China warns its women from dating foreigners

China’s government workers are being warned off dating handsome foreigners — because they may be potential James Bonds. 

A 16-panel comic book-style poster that’s been widely displayed across Beijing tells the story of an attractive young female civil servant — Xiao Li or Little Li — who is wooed by a red-haired foreigner posing as a visiting scholar.

The scholar, named Dawei or David, showers her with compliments, red roses, fancy dinners and romantic walks in the park, and convinces the girl to provide him with internal documents from her government propaganda workplace.

Xiao Li initially declines to hand over the documents but David manages to convince her. Xiao Li is later taken away by security officials and the girl finds out that her boyfriend was a foreign spy.

National security campaign

Beijing has launched a new campaign this month to raise awareness about “national security” and the cartoon comes the same week Chinese state media reported that a man convicted of leaking more than 150,000 classified documents to an undisclosed foreign power had been sentenced to death.

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With “Ministry of State Security” written at the bottom, the cartoon poster appeared to be part of a range of more than 100 promotional materials released to coincide with China’s first “National Security Education Day” on April 15, according to a notice posted on one Beijing district website.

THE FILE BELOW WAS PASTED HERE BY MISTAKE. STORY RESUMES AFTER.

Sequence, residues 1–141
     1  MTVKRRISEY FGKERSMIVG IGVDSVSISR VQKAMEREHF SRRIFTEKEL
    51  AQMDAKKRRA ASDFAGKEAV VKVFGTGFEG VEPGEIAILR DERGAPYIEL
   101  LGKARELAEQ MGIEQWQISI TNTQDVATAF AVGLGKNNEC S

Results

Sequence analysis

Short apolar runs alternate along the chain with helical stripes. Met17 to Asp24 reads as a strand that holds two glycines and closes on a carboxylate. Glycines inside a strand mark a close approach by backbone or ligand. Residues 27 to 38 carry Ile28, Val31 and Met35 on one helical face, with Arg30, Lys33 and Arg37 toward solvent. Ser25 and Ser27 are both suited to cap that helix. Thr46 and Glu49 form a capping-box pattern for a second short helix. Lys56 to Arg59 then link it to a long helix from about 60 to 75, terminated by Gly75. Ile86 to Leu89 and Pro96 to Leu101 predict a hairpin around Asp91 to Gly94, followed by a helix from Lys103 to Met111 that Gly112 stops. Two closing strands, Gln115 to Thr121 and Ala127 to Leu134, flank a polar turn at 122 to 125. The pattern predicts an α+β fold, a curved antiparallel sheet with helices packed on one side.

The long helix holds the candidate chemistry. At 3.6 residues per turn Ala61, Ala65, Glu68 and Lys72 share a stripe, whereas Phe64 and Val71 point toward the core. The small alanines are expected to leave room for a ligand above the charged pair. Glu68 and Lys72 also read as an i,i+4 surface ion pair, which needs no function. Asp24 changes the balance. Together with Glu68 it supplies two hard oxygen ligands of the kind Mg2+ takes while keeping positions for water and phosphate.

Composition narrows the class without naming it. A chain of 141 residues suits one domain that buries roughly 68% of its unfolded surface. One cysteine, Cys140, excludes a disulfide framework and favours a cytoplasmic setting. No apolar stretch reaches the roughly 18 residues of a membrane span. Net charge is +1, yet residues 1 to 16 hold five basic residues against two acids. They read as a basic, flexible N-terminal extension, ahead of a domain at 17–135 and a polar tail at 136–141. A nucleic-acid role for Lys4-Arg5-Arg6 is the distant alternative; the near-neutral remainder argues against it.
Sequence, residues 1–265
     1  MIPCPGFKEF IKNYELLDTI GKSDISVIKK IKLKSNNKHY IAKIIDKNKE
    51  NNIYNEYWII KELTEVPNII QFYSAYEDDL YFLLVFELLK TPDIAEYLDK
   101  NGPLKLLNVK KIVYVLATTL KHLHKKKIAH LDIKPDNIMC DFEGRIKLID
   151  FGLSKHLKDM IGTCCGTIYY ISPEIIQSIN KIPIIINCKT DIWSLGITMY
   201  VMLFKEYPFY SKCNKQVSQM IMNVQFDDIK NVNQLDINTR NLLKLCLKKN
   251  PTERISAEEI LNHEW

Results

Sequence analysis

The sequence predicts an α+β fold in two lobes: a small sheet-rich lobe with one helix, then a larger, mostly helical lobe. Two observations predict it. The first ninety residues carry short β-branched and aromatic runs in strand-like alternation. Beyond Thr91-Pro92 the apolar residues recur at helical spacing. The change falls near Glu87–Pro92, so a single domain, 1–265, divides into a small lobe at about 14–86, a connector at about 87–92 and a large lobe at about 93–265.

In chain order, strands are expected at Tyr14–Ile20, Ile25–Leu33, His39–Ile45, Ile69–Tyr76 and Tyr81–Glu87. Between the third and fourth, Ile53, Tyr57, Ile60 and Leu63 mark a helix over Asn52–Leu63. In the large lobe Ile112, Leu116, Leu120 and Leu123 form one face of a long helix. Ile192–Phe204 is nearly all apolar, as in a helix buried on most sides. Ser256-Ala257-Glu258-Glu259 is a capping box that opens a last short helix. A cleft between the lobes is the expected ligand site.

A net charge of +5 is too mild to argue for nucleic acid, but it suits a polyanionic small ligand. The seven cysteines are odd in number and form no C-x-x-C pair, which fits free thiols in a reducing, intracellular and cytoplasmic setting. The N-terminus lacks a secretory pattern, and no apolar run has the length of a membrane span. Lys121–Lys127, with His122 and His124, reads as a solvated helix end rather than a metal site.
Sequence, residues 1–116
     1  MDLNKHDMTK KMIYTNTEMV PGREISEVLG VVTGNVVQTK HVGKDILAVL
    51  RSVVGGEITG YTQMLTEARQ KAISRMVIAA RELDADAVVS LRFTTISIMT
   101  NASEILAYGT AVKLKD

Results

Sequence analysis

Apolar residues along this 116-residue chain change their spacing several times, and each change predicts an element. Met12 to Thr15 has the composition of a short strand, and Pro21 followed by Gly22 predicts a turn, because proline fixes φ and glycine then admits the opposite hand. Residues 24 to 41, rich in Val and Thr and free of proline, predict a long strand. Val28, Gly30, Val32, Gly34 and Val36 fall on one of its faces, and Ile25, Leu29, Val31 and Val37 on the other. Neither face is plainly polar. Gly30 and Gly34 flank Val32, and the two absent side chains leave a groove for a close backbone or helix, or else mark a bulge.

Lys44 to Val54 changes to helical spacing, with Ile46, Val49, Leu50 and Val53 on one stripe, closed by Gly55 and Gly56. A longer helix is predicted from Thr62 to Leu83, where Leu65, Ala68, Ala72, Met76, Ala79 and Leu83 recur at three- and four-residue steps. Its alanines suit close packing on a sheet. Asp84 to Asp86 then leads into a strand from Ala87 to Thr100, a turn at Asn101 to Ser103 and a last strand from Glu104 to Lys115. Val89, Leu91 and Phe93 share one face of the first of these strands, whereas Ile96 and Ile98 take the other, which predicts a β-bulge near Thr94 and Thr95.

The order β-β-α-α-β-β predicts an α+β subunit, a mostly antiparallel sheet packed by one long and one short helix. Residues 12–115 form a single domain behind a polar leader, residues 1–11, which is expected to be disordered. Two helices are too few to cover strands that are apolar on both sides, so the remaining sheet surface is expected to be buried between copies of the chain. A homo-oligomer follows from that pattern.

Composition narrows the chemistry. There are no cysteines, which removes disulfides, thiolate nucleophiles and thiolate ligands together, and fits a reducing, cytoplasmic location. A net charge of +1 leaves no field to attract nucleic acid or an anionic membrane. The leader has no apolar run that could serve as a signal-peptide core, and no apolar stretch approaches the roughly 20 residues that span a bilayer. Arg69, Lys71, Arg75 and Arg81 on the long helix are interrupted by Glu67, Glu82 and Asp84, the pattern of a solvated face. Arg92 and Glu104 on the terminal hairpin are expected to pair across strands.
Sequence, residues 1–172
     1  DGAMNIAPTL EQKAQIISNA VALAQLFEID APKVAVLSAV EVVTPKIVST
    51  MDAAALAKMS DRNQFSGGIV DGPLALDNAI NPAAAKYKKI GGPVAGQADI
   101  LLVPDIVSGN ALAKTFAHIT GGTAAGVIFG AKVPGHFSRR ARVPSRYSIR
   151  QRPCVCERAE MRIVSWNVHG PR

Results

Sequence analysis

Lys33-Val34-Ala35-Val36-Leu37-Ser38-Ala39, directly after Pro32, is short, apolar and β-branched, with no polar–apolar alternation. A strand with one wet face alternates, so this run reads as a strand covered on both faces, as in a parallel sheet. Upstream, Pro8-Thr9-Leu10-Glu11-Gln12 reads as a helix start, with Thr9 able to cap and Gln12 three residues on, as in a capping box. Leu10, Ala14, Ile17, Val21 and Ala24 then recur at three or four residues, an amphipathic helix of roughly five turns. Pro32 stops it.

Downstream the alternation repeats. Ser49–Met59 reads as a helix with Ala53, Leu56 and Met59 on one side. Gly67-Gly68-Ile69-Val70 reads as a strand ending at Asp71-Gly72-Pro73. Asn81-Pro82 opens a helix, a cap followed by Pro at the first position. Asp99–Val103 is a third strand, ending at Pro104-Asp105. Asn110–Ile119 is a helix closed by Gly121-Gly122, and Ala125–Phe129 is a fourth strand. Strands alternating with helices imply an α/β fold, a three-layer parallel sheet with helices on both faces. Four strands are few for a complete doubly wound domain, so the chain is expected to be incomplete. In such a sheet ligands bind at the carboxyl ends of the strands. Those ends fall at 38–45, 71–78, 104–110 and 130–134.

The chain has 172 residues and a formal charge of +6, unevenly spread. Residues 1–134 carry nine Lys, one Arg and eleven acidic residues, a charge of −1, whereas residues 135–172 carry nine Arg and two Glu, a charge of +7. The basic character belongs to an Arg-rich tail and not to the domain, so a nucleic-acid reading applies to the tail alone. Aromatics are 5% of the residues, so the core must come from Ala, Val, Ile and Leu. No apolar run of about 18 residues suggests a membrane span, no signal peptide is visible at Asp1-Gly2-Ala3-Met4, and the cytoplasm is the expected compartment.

The poster also provided a hotline to call. CNN called the number four times but no-one answered — save for an automatic welcome message.

The posters have to be posted on all bulletin boards and community leaders will be trained with “counter espionage knowledge,” the notice said.

“Everyone in the community should be urged to increase their sensitivity and level of awareness to national security, as well as be political sensitive.”

Campaign greeted with disbelief, ridicule

On the streets of Beijing, few seemed to be taking the cartoon’s message seriously.

“We don’t actually believe this. A lot of our friends have foreign boyfriends, and we would never believe that they are spies,” said Tou, a female student who only gave her family name.

Another woman surnamed Wang also doubted the poster’s credibility.

“Isn’t this supposed to be a joke? I mean this kind of stuff can happen anywhere I guess.”

But the Chinese government’s push for greater security awareness shouldn’t be taken lightly says, William Nee, Amnesty International’s China analyst.

Huang Yu, the man sentenced to death for leaking classified documents, was shown shackled in chains on national television.

“The government hopes to send out a signal of deterrence to warn anybody who may be in a similar position of disclosing state secrets to foreign organization, while at the same time, giving the general public the perception that spies and potential spies may be in their midst, right at their side,” Nee said.

“This idea of spies being everywhere, common to China in the Mao era, to some extent, is now helping to increase paranoia and suspicion in society, and even greater xenophobia,” he added.

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